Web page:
The embattled president of the New York Racing Association resigned Monday evening, in a move NYRA officials hope will quell the firestorm that is threatening their franchise to run the state's three premier racetracks.
Terry Meyocks, 52, who was held out by state officials as ultimately responsible for a rash of mismanagement problems at NYRA, called it quits after seven years in the top post at NYRA. A number of his allies, including NYRA chairman Barry Schwartz and former NYRA chairman Kenny Noe, had unsuccessfully battled to keep Meyocks in his job.
But Meyocks became a symbol, if not an outright target, of overseeing an empire beset with criminal, fiscal and management woes while drawing a $375,000 annual salary. Attorney General Eliot Spitzer, in a scathing report earlier this year, sharply criticized Meyocks for ignoring problems at NYRA. With its franchise on the line, and federal prosecutors deciding whether to indict NYRA or, possibly, officials connected with NYRA, allies of Meyocks say he was fighting a losing battle the past several months to keep his presidency.
Schwartz said Meyocks' departure is part of a major reorganization of NYRA's management. He said the changes "contain both exciting and sad news for me as CEO.''
"No one knows New York racing like Terry, no one cares about New York racing like Terry and no one has ever given more of himself to New York racing than Terry Meyocks," Schwartz said.
Schwartz said NYRA trustees C. Steven Duncker and Peter Karches will become NYRA's co-chief operating officers. He also announced the appointment of J. William Byrne as NYRA's chief financial officer. The day-to-day role of Duncker and Karches and Byrne's appointment were reported last week by The Blood-Horse
With a federal indictment looming over NYRA, state regulators reacted cautiously Monday night. "The reorganization, with the increased oversight by the board of directors, are very positive steps. We're not prepared to say the process of reform is complete, but it's definitely a sign of progress,'' said Darren Dopp, a Spitzer spokesman.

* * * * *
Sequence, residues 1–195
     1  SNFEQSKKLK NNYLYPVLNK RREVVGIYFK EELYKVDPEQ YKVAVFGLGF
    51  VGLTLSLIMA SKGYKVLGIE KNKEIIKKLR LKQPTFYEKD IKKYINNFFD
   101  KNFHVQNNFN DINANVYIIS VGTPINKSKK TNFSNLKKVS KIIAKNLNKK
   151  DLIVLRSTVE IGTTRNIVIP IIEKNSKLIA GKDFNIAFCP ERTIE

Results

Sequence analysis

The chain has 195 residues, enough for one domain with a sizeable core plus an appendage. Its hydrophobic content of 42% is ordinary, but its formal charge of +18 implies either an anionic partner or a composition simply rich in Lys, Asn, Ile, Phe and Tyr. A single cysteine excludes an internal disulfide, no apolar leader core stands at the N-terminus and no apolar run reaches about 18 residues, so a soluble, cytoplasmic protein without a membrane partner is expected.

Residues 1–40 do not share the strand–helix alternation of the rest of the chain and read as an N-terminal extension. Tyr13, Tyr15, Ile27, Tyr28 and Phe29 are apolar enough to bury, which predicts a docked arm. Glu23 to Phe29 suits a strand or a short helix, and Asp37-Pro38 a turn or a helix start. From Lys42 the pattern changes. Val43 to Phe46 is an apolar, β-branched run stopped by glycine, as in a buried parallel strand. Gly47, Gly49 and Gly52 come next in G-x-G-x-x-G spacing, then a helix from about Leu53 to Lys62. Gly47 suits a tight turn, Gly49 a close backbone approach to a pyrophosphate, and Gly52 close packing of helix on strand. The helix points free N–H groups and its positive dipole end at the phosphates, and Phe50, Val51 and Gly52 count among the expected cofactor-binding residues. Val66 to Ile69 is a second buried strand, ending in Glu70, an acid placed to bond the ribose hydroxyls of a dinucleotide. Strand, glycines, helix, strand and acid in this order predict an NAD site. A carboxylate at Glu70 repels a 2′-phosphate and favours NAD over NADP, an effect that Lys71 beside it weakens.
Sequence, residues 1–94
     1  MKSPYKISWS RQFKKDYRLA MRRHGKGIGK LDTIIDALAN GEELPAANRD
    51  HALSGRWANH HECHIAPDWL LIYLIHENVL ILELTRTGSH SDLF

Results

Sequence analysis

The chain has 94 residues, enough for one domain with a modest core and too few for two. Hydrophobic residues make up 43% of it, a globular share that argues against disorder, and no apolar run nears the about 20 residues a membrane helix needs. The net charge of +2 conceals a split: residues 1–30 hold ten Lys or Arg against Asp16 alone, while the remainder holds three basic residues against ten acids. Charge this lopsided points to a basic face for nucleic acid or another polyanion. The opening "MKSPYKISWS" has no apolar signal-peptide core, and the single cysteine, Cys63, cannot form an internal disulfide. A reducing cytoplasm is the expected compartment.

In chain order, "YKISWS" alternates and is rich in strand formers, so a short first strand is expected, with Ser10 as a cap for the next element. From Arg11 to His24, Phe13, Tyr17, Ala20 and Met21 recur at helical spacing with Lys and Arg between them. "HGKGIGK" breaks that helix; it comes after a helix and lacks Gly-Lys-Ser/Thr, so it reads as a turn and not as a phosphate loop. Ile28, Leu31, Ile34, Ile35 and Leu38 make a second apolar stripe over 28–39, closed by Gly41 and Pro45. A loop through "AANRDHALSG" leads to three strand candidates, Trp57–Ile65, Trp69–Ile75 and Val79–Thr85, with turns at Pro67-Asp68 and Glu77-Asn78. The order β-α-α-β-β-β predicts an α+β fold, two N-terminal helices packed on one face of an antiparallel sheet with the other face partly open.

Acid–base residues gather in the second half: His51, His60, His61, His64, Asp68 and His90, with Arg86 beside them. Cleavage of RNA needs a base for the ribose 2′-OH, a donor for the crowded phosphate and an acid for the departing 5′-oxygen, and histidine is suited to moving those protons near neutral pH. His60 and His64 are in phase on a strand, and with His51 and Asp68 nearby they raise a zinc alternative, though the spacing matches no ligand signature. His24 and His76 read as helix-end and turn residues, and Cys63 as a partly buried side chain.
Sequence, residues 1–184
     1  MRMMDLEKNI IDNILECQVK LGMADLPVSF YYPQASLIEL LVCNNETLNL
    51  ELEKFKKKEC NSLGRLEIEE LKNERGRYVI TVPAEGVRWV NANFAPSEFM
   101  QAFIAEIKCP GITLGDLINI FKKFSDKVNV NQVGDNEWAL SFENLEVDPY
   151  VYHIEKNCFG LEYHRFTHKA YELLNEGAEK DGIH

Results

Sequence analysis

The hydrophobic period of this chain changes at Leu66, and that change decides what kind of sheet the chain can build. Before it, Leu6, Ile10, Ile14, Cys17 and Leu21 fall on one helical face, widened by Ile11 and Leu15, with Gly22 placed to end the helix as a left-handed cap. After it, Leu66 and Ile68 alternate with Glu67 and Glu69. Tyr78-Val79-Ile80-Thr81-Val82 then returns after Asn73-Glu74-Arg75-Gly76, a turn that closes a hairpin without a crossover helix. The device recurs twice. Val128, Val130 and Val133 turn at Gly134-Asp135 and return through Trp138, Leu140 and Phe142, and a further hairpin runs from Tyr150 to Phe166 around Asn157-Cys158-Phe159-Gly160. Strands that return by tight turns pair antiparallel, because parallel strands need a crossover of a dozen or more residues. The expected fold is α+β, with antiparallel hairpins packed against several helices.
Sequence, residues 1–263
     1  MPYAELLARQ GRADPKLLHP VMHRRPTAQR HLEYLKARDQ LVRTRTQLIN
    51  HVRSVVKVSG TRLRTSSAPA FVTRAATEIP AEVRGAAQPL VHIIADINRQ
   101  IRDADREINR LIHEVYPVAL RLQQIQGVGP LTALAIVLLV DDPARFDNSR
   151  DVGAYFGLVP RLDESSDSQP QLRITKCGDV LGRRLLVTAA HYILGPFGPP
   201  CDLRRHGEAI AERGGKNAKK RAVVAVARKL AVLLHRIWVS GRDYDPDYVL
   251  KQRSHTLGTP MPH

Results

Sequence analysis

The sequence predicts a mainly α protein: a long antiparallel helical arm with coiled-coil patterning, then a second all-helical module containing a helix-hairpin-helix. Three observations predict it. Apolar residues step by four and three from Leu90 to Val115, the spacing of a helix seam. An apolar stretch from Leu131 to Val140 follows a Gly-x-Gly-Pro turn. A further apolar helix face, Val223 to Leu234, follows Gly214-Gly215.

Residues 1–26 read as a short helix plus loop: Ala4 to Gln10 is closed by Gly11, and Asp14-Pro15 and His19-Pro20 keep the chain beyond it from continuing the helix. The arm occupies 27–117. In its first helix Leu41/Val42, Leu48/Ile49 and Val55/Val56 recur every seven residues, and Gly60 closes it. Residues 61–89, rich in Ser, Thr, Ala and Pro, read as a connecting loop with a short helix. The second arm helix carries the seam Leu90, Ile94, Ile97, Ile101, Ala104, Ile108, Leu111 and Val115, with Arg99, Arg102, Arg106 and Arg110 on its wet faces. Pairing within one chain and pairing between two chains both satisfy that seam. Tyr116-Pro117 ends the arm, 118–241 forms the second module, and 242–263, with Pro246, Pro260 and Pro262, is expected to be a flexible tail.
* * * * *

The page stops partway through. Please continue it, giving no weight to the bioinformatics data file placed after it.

"We're pleased NYRA is taking steps to address the serious concerns that have been raised,' said Stacy Clifford, a spokeswoman for the state Racing and Wagering Board.
"I just want to make sure NYRA does everything in their power that they not only operate in an appropriate, legal and ethical way, but that the public has confidence that that's the way they're going to operate,'' New York Gov. George Pataki said Tuesday morning.
Schwartz and Meyocks did not return calls for comment.
However, in a statement released through a New York public relations firm, Meyocks said he believed that the "top-to-bottom restructuring" at NYRA will result in a "leaner, more efficient NYRA. I firmly believe these changes are positive developments that will result in a healthier, more competitive and more profitable NYRA." Meyocks said that despite his support of the changes, he felt it was in his best interests to resign to pursue other personal and business interests. (Meyocks' Resignation Statement)
NYRA officials sought to highlight the financial background of Duncker and Karches. Duncker, a Thoroughbred owner and trustee of the Thoroughbred Owners and Breeders Association, is a retired partner with Goldman Sachs. Karches is a former top executive with Morgan Stanley, and is also a TOBA trustee. Both will work out of a new NYRA office called the "Office of the Chairman,'' in charge for overseeing the entity's 18 departments; neither will be compensated in their posts that will see them report directly to Schwartz.